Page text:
China is just days away from launching an ambitious rival to the International Space Station, pictured above. A rocket launch carrying an unmanned test module named Tiangong 1 — literally, “Heavenly Palace 1” — is scheduled for this week. Allegedly, the 8.5-ton Tiangong 1 module is designed to practice autonomous rendezvous ops in orbit, in order to prep for a manned space base around 2020. But China-watchers and space specialists are trying to figure out if there’s an additional agenda for the Heavenly Palace.
Will it be a spacelab equipped strictly for scientific research? Is there a military mission? Is it a jobs program for China’s “large, young, highly motivated and growing population of space scientists and engineers?” (That’s how Gregory Kulacki, from the Union of Concerned Scientists, describes China’s space workforce.) Is the whole space-station program really just a PR ploy? Or some or all of the above?
The short answer is, we don’t know. The “opacity” of this and Beijing’s other space initiatives “should raise questions about Chinese intentions,” Dean Cheng, an analyst with the hawkish Heritage Foundation, tells Danger Room. One thing is for sure: Beijing has been awfully busy in space, with more and more satellite launches plus occasional spacewalks and even plans for a putting a man on the moon by 2030.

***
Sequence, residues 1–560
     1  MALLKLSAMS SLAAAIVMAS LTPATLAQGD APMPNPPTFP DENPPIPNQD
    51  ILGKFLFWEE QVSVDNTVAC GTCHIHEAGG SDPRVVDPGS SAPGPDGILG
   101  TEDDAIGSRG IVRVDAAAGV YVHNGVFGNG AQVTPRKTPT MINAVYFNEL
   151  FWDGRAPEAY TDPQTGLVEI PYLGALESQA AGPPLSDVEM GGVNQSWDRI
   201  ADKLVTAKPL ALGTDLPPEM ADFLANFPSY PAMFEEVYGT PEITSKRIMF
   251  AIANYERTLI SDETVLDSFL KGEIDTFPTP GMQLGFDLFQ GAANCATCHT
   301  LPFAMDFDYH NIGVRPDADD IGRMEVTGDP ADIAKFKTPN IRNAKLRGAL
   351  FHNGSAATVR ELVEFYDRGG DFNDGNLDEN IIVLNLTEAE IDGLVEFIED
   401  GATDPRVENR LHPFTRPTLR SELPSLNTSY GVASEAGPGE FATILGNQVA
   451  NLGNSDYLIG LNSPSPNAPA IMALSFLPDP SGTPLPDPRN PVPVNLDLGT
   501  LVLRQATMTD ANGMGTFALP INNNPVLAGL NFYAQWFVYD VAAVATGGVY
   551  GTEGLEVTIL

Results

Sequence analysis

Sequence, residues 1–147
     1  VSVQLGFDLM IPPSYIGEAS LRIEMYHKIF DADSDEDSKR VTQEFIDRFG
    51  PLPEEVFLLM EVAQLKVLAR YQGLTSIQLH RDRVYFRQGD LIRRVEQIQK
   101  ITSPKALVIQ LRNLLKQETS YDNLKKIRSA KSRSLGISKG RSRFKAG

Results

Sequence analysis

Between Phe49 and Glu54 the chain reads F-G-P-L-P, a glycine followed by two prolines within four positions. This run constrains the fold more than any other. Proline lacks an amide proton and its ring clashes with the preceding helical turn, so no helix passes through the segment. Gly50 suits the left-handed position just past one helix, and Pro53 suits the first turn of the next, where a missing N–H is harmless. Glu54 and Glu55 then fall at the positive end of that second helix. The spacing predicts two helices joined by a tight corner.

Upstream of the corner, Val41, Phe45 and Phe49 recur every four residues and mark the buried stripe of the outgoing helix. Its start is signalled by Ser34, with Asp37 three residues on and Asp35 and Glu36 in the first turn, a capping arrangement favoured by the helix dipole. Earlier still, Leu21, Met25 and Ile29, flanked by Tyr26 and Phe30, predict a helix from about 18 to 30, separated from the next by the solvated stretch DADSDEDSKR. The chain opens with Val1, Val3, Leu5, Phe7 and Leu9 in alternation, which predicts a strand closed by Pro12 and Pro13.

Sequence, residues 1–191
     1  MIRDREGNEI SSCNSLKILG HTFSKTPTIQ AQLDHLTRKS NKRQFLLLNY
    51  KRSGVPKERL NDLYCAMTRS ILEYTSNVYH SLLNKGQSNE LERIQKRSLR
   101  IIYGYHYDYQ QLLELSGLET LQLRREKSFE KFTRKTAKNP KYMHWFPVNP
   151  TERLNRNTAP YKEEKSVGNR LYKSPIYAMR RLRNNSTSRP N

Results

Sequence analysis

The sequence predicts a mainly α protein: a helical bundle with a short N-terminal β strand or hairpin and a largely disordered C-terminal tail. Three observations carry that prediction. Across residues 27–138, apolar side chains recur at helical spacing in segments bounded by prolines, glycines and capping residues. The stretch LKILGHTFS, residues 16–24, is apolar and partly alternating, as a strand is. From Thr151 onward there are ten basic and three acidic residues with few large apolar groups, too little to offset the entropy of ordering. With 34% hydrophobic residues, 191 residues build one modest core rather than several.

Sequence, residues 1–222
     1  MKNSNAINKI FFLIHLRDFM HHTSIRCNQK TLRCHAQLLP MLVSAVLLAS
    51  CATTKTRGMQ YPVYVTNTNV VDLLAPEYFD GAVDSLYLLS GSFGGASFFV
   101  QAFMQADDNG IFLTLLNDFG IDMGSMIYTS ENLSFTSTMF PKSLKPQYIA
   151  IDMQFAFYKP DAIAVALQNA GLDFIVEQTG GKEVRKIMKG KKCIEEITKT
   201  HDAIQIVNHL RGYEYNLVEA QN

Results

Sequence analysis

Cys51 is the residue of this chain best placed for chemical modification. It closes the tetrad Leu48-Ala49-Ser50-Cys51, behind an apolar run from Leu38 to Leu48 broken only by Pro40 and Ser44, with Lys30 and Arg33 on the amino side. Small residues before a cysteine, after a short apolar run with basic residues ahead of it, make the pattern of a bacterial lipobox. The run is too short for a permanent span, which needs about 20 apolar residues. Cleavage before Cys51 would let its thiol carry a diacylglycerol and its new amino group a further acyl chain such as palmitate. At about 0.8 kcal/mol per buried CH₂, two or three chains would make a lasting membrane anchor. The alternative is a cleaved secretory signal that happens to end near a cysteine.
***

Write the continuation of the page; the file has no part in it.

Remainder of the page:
Jeffrey Wasserstrom, a University of California professor and author of China in the 21st Century, has a theory about Beijing’s obsession with spectacle, whether a massive engineering project, the Olympics or the theatrical unveiling of a new stealth-fighter prototype. Spectacles “play a role in confirming a vision, based partly in official myth but also in tangible reality, that China is a once-powerful country that was laid low for a time and has now risen again to a more natural status,” Wasserstrom wrote.
But that doesn’t necessarily mean Beijing intends to start a new space race against the U.S., which recently announced plans for new, gigantic rockets and a possible manned mission to an asteroid or even Mars. “China’s progress is steady but slow,” Cheng says. “Manned launches every other year hardly suggests a space-race mentality. At the same time, however, these are steady improvements, from a single man to two-man to three-man. The Tiangong spacelab … will mark another step forwards for China’s manned space program.”